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Questions From Readers
If you could change one misconception about books written and defined as "romance," what would it be?

Romance is probably the least respected fiction genre even though it accounts for over 50% percent of all mass market sales. I believe that anyone who openly criticizes the romance genre probably hasn't actually read one and instead relies solely on what they've heard. Unfortunately, people continue to have misconceptions about the genre as a whole. Many believe romances are all sex without substance, 'bodice rippers', if you will (a phrase coined in the 80s), and no actual story is involved. Today's romance novels are about empowered women—both when it comes to their goals and in some cases, their sexuality. And, of course, falling in love. I also think it's important to know that romance authors are serious fiction writers. We rely on our imaginations, not formulas beyond what we've learned to craft a good book, such as conflict, turning points, the climax-also known as the 'black' moment-and resolution. You'll find those elements in all works of fiction. In other words, we do not follow a guideline that states the first kiss is in Chapter A, they make love in Chapter B, etc. (and if you've read my books, you know that definitely isn't the case. Yes, it's a given that we have happy endings, that we write about monogamy and commitment. But I would hate to think that society as a whole has grown so jaded that we've simply stopped believing in the power of love.

How long have you been writing and how many books have you written?


Well, I actually co-wrote my first book with my best friend in junior high, if that counts. It was called Take Me Out to the Ballgame and featured my friend and myself as heroines romancing two of the brothers of a family of four gorgeous guys in my school. It was sweet and silly and true fantasy—and obviously my first foray into romance. I hope it remains lost forever. I officially started writing in earnest in 1992, which eventually led to my sale in 1999. Since my first release in 2000, I have written twenty-one books and one novella, with three more coming up soon. Since writing and production takes place a year in advance, so far seventeen of those books have been released. And I hope to be writing many, many more!


How do you get started in the writing business? Is it a gift or can it be learned?


Actually, I got started on a whim when I came up with an idea for a book, totally ignorant and unarmed. At the time, I really never intended to make writing a career. But I believe if you have the desire, and the instincts, if you love to read, and you love writing, anyone can try their hand a book. You simply have to learn the craft but always, always trust yourself and your instincts. And also know this is a tough business. I once heard you had more chance of getting struck by lightning as you did selling a book. Publishing houses receive anywhere from ten to twenty-thousand submissions a year, and that's a conservative estimate. You have to hang in there, even when the going gets tough. Aside from writing a good book, writing for publication is a lot about persistence, timing and some amount of luck. Above all, do it for yourself!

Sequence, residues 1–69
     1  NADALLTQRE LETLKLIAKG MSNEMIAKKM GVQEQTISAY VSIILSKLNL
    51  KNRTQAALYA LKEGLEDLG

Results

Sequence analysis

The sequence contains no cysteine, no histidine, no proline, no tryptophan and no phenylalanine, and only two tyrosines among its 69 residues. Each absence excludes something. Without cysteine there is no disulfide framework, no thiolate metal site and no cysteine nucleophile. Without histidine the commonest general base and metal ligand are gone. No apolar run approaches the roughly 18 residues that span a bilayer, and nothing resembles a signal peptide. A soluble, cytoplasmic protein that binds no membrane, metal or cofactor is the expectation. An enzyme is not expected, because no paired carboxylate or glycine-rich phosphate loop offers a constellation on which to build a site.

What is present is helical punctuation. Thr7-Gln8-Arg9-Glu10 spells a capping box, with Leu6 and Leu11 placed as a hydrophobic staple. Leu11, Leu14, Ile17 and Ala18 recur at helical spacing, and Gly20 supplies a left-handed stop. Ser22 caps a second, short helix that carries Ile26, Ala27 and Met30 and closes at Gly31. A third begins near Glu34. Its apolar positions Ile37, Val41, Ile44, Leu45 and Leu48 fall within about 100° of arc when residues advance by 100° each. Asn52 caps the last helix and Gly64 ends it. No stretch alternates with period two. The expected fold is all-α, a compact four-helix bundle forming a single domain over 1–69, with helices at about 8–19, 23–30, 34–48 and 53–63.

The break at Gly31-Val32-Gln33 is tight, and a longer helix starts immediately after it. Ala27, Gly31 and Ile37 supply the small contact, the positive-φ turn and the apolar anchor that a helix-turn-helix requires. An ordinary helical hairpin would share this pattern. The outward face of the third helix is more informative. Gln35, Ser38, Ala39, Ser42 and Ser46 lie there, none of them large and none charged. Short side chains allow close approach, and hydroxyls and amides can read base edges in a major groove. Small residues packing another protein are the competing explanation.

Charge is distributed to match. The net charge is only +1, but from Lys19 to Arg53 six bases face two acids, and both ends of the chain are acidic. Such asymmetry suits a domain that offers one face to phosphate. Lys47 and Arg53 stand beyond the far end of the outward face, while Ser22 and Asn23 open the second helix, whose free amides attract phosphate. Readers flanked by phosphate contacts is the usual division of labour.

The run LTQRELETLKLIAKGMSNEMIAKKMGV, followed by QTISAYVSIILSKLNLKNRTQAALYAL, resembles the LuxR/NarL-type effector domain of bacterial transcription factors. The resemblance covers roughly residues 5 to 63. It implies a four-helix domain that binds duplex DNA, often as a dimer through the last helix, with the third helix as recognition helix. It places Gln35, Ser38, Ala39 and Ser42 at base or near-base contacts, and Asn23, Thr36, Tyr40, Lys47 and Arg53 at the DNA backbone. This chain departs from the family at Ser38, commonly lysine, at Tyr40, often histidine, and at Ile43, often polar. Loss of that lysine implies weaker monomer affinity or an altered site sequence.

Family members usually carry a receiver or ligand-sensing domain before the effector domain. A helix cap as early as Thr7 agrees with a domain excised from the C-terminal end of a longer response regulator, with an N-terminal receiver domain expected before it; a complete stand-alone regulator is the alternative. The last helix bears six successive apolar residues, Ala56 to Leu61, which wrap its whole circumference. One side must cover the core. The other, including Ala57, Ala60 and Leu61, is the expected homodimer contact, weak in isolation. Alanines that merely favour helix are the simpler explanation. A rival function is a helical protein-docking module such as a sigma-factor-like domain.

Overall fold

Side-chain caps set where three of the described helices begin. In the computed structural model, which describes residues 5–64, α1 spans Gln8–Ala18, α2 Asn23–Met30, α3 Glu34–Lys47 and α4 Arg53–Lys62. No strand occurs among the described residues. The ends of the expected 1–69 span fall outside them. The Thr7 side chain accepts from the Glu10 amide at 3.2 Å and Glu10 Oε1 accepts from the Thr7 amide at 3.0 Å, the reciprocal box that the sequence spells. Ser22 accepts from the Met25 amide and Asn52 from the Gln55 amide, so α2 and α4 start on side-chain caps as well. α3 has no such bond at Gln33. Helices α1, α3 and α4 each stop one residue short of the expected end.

Where do you get your inspiration for your characters?


I'm usually just pulling people out of my mind.   I start with the kernel of an idea and develop two characters with believable back stories and conflicts that will affect them throughout the book. After that, their personalities begin to form, dependant on their circumstances. For instance, Fiona Powers in Fit For A Sheikh was a wise-cracking bartender who immediately came to life for me. What fun to pair her up with a dark, brooding, conflicted military-tracking sheikh. I like to play direct opposites against each other, but I also make sure that they want the same thing in terms of a commitment, even if it takes them a while to get around to admitting it. 

Out of all the books you have written, do you have a personal favorite?


That would probably be my first Desire, Cowboy For Keeps, the story of a single mother and her deaf daughter, and a man who's a hearing child born to deaf parents. It holds a special place in my heart not only because it was my first sale, but also because it was an emotional journey for me. Running a close second would be Renegade Millionairebecause I enjoyed writing the medical aspects. And I liked developing an atypical doctor, like Rio Madrid, who seems to be a reader favorite. I think that has a lot to do with his tattoo. 

Do you ever consult with your husband about details for your stories? Does he find your writing romances humorous?


I definitely have consulted my husband in regard to the medical aspects in my books, Gladys. I can't say for sure that he thinks my choosing to write romance is humorous exactly (although he probably thinks I look fairly funny in my uniform—sweats and T-shirts) but I can say that it's not his cup of tea. He just knows that I'm serious about what I do, and he respects that. And now I actually get paid for sitting in front of the computer! 

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